22 Weird Old Jobs From 100 Years Ago

22 Weird Old Jobs From 100 Years Ago


Did you know that factories used to have
people who would read stories out loud in order to keep workers entertained? Hi,
I’m Erin McCarthy, editor-in-chief of Mental Floss.com. This practice, of
hiring lectores, appeared in Cuban cigar factories in the 1860s. The lectores would audition for workers, and once hired would read what those workers
wanted to hear—usually a combination of the news and literature. And that’s the
first of many weird old jobs from a hundred years ago that I’m going to
share with you today. Being a lector wasn’t the only job that
required public speaking skills. You had to be pretty comfortable in front of a
crowd to be a town crier. They would stand around and shout announcements,
like court orders. While they were extremely common for centuries before
losing their importance, there are still town criers today. Some places include
them in parades and ceremonies. There are even town crier competitions, for the
real experts. This year’s international town crier competition took place in
Holland, Michigan. Participants were judged on things like clarity, sustained
volume and demeanor. John Webster, who hails from Ontario, took first place.
Another profession that peaked around the 19th century but can still be found
today is lamp lighting. In cities, people would use long sticks to light gas
street lamps at night then put the flames out in the mornings. To this day
London still has five lamplighters who manage 1,500 gas lamps. Clearly, they love lamp. And now for another profession requiring
a long stick. Before iPhone alarms, people still had to wake up for work. And even
though mechanical alarm clocks were invented in the late 18th century, they
weren’t cheap. Starting around the Industrial Revolution, a person called a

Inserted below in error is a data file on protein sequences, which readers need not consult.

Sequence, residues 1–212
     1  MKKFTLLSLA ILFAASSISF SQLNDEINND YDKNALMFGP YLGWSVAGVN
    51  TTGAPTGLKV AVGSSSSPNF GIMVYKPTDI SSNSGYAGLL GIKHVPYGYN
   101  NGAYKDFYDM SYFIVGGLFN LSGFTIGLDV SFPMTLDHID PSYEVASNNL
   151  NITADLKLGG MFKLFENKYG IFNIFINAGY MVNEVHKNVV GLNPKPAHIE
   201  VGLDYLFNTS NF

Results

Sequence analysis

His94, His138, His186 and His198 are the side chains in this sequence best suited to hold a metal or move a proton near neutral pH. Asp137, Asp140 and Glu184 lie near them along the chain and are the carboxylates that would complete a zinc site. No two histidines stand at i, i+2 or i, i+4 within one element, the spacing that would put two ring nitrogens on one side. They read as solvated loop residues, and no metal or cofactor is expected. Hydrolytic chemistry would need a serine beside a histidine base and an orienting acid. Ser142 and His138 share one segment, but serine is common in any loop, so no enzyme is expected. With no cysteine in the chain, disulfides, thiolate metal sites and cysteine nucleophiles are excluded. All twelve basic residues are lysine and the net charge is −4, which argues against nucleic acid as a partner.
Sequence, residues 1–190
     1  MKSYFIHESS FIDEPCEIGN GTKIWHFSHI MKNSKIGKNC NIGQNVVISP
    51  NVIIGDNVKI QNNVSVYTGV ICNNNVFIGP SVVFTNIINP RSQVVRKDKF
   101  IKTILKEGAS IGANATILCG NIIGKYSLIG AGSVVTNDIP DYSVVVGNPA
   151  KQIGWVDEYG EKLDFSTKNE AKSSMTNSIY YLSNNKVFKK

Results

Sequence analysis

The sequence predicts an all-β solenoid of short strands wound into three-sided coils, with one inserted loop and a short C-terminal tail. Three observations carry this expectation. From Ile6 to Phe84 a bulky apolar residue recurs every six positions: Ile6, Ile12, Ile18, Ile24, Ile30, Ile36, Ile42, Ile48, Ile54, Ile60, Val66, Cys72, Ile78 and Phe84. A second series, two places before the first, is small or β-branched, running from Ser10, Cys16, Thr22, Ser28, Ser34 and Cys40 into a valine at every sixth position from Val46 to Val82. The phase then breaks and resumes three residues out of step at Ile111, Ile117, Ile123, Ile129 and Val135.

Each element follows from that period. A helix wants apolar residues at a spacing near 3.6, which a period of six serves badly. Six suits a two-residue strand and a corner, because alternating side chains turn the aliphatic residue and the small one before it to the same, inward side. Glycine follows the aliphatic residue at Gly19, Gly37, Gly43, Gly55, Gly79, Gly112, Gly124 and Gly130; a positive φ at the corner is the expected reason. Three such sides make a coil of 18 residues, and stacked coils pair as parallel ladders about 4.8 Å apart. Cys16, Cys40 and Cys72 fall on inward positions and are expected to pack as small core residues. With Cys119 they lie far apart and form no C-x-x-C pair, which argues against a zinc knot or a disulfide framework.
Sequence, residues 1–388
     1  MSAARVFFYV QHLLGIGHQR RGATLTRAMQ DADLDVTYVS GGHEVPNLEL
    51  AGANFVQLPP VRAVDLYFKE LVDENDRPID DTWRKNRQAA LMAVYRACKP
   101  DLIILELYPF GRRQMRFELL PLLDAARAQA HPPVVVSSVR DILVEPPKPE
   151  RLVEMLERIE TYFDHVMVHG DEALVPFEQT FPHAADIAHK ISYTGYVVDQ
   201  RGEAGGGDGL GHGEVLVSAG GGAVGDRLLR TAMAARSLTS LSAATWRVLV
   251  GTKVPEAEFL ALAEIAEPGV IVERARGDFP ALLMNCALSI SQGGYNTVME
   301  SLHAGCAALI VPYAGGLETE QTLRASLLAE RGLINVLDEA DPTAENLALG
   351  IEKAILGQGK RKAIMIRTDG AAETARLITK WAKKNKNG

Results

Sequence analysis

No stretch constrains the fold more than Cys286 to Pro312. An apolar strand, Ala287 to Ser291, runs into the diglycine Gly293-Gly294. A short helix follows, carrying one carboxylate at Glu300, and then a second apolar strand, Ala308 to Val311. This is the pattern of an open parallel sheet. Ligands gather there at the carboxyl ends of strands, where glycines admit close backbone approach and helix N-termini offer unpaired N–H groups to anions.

knocker up or a knocker upper would use a long stick to tap windows in the
mornings to wake up residents. This was primarily a job in Britain in Ireland,
and in some towns it didn’t phase out until the 1970s.
Thanks to Joshua Pong, among others, who suggested that job in a comment on our
last episode. We couldn’t resist a job title like knocker upper. He wasn’t the
only one on top of his old jobs, though. A lot of the submissions were for jobs we
already had in the script, but we appreciate you all, too. Stay tuned til the
end of the video to find out what kind of facts we’re crowdsourcing for the next
episode. People who have seen Hidden Figures will be familiar with human
computers, people who were hired to do mathematical calculations by hand.
Probably the first great moment in human computing occurred in 1757, when French
mathematician Alexis Claude Clairaut had a few people help calculate when Halley’s
Comet would be visible from Earth. Machine computing wouldn’t fully
supplant humans until around the 1970s. Human computers were used during both
world wars, as were dispatch riders. These were people who used motorcycles or
other means of conveyance, like camels and horses, to transport important
messages across the front lines. Another surprising World War One and Two job
was cavalryman, a soldier who fights while on horseback.
Despite technology like guns, tanks and cars becoming more common,
every major army that fought in World War One had a cavalry, and World War Two had a substantial cavalry charge in the Soviet Union. But that was probably the
last major one in history. And before radar was a thing people in the military
still needed to know when enemy planes were nearby. This became a job, too: aircraft listener. The British especially had acoustic mirrors that enhanced